It is up there with the shower scene in Psycho.
It is dawn. The sun is rising over an ornate mansion in Hollywood, the home of a famous film director. We see him sleeping in gold satin sheets. He wakes, and notices something … wet? He reaches under the covers, and withdraws his hand. It is covered in blood. He panics, pulling the sheets aside. More and more blood … what is this? Then he finds, at the foot of the bed, the head of a horse. Not just any horse, this is his prize race horse, the thing that this rich and vulgar man cares most about in the whole world. He screams, and screams. We see outside the mansion again. The sun is higher now. It is a beautiful, still morning, a cloudless blue sky unfolds over the swimming pool. And, fainter, echoing, the scream of pure horror goes on and on.
It is “the horse head in the bed” scene, early in Martin Scorsese’s epic film The Godfather. The event is so horrible that it is easy to forget what it was about. It was an argument over casting. The director has spurned a formerly-favoured Italian American actor and singer, Johnny Fontane for the lead role in a movie. Fontane asks his Mafia connections to persuade the director that he, Fontane, is perfect for the role. The horse head does the trick.
The actor who played Fontane was Al Martino. An easy piece of casting, this one. Martino, too, was an Italian American actor and singer of humble origins, who knew a thing or two about dealing with the Mob. A one-time brick layer, he was encouraged to try a singing career by Mario Lanza, a childhood friend. His first big success was “Here in My Heart”, which topped the charts in both America and the UK in 1952, and sold more than a million copies. It was while flush with this success that Martino found himself owing large amounts of money to the Mafia, and found it sensible to spend a decade or so living in England.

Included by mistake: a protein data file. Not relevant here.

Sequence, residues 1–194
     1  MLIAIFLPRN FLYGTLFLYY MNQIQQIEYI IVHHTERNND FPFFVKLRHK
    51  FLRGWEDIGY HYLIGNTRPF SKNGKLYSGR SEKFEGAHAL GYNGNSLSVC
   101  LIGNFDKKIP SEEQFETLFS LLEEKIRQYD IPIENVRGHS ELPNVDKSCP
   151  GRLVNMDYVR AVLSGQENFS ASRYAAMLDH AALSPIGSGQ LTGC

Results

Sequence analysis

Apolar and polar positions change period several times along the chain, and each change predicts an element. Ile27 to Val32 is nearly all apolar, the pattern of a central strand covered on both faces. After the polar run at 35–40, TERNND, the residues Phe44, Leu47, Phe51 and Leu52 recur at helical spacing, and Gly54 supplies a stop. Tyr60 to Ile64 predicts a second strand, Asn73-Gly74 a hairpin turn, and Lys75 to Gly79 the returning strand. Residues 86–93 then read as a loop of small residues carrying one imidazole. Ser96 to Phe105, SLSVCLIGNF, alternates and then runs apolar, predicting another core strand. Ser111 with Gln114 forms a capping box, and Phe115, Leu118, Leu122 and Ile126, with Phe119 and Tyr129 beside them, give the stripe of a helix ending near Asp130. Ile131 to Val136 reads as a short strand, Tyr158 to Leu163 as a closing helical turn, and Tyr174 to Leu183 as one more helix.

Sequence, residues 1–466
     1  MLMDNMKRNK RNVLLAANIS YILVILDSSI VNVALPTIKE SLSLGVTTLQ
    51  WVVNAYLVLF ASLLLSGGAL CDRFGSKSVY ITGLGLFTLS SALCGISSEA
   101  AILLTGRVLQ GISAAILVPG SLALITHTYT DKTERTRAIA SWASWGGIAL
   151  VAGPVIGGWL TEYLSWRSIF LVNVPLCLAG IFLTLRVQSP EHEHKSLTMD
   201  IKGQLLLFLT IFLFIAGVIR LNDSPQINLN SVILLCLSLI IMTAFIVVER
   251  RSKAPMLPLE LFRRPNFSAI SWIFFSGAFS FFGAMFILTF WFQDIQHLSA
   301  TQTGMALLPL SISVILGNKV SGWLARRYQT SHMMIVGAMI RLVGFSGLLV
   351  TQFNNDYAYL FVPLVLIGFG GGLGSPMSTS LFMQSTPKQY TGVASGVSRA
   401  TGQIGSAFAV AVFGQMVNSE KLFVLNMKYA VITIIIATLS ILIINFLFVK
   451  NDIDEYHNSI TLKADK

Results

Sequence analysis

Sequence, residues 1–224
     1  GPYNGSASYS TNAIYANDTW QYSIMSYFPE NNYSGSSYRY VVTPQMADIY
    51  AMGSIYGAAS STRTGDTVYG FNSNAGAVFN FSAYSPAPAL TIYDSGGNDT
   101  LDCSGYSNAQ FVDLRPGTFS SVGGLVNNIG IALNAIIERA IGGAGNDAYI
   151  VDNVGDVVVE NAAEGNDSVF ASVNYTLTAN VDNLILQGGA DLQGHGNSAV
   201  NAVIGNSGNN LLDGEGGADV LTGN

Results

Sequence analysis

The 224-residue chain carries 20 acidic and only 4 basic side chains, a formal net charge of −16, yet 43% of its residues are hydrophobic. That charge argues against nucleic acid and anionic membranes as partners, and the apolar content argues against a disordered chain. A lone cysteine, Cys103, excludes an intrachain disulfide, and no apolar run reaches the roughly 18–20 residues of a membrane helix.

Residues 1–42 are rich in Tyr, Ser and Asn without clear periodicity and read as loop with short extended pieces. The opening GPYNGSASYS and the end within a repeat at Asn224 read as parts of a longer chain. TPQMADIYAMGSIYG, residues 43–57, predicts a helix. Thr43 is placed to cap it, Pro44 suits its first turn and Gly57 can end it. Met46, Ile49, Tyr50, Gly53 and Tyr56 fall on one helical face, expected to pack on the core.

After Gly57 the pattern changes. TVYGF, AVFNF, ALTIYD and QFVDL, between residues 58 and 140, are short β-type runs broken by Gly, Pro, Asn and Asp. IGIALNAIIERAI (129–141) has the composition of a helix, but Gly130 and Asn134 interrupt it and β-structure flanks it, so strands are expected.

Martino was pop crooner. He sang mostly uncomplicated songs of romance, with tremolo violins and the works, but his voice was a powerful operatic tenor. Even the triter lyrics are carried by the strong delivery.
The track I have chosen from this EP, which came out in Australia in 1964, is a bit different. “Granada” is sung in Spanish, so the lyrics may woeful – I wouldn’t know. There is a version in English, which goes:
Granada, I’m falling under your spell,
And if you could speak, what a fascinating tale you would tell
So, let’s stick with the Spanish.
The arrangement is a tad overdone. Okay, a lot overdone: all castanets and bull-fighting brassiness. But go with it, enjoy it for what it is, just listen, and it is an exciting ride.
- Artist: Al Martino
- LP Title: Hits: Old and New
- Side 1, Track 2: “Grenada”
- Format: 7” EP 45 rpm
- Label: Capitol EAP-1-20582
- Manufactured in: Australia
- Year: 1964
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